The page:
The BP Spill Leads the Disaster List
1st - Rank of the BP oil spill among disaster stories since 2007
The massive oil spill in the Gulf of Mexico topped the news agenda the week of June 7-13, registering at 34% of the newshole. That marks the fifth week in a row that the event has dominated the headlines. Indeed, in the eight weeks since the April 20 rig explosion, the disaster has overshadowed every other news story, filling 23% of the newshole in that time frame. The second-biggest story in that period has been the U.S. economy, well behind at 13%.
Not only has the Gulf saga become the leading news story of the past two months. It is also the most-covered disaster since PEJ began its News Coverage Index in January 2007, generating 1,637 stories since the April 20 accident. And at this point, there is no end in sight to either the Gulf gusher or the media’s interest in it.
One thing that sets the oil spill apart from most other disasters is the story’s staying power. Many natural or human-caused disaster stories have faded from the media spotlight quickly, becoming in effect “one-week wonders”. Among the six most-covered disasters examined by PEJ since January 2007, only the oil spill and the devastating January 12, 2010, earthquake in Haiti have filled more than 2% of the newshole for longer than two weeks.
Indeed, that catastrophic Haiti quake—estimated to have killed 230,000 people and left 1 million homeless—is the No. 2 disaster story since 2007. The week it occurred, January 11-17, 2010, the story filled 41% of the newshole—higher than any single week of coverage of the oil rig disaster. Attention to the quake and its aftermath remained high and continued to fill at least 5% of the newshole for the next four weeks. This sustained coverage generated 1,027 stories.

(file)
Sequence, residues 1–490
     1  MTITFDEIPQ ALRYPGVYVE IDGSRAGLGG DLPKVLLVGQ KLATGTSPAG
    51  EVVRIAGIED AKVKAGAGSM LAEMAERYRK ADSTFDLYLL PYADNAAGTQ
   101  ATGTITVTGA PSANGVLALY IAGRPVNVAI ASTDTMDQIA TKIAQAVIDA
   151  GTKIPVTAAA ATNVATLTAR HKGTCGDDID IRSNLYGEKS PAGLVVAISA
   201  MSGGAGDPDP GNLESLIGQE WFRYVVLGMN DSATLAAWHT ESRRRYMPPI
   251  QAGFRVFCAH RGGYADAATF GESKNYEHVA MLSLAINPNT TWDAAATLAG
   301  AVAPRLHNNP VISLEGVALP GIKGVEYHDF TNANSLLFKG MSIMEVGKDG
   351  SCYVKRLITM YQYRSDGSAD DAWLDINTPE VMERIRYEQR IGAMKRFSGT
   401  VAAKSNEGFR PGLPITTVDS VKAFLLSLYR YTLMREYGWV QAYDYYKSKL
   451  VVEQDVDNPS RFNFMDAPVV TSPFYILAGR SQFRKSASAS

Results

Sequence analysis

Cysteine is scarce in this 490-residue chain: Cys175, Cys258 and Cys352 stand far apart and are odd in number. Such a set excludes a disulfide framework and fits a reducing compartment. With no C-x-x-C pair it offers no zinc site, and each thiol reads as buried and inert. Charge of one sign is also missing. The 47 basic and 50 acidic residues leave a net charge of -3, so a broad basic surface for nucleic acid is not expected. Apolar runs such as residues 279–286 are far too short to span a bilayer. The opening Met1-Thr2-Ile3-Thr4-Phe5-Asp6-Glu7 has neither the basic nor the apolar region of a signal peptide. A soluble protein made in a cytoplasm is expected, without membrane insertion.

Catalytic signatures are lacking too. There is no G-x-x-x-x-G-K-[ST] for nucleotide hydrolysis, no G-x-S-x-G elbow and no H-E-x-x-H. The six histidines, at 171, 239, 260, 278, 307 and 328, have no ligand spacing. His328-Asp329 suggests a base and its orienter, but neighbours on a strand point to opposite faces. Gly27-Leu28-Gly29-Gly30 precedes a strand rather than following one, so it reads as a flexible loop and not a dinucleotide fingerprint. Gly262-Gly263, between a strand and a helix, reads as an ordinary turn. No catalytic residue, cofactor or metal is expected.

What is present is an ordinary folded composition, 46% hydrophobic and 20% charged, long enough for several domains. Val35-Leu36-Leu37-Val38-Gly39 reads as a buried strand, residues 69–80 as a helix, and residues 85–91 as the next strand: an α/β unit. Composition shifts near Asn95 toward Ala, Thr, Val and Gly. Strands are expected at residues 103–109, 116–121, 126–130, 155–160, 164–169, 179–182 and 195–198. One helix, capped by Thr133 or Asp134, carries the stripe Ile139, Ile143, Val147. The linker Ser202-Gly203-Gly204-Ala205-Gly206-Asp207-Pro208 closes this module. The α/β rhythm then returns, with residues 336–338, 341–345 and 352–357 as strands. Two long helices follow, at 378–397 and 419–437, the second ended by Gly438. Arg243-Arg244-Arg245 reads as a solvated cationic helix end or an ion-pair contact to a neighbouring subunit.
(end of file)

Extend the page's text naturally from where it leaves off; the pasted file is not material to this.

In a distant third place are the wildfires that struck Southern California in October 2007. Those blazes, which killed 9 people and destroyed about 1,500 homes, generated 544 stories. Next, with 495 stories, is the August 7, 2007, rush-hour collapse of an eight-lane bridge in Minneapolis that killed 11 and injured 145.
The fifth-biggest disaster story in the past three years (478 stories) is the severe flooding across the Midwest in June 2008 which led to 13 deaths. Finishing next, at 393 stories, was Hurricane Ike, which reportedly killed 195 (112 in the U.S.) as it passed over Haiti and Texas in September 2008.
Tricia Sartor and Dana Page of PEJNote: Beginning in 2010, PEJ made changes to the NCI universe that result in fewer stories being coded each week. This fact makes the differences between coverage of the oil spill and the previous disasters even more pronounced. Complete details about the changes to PEJ’s sample are available here.